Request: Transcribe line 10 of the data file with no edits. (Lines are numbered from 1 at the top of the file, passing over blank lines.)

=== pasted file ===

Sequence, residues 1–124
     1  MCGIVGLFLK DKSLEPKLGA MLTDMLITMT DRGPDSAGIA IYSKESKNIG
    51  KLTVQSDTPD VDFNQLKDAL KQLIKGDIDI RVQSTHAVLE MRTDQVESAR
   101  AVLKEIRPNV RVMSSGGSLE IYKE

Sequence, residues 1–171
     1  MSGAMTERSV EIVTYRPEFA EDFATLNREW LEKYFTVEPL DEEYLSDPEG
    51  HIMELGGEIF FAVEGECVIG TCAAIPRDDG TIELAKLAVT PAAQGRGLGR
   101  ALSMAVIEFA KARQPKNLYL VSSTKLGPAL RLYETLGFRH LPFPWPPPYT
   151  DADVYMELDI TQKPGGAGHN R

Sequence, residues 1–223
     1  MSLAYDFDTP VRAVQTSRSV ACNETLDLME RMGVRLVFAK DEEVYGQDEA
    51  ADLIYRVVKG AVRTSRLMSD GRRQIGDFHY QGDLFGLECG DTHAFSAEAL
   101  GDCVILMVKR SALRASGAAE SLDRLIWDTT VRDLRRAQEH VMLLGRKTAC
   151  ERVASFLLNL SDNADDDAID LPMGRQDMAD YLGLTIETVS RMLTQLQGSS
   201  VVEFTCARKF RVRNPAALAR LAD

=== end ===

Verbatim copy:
Sequence, residues 1–223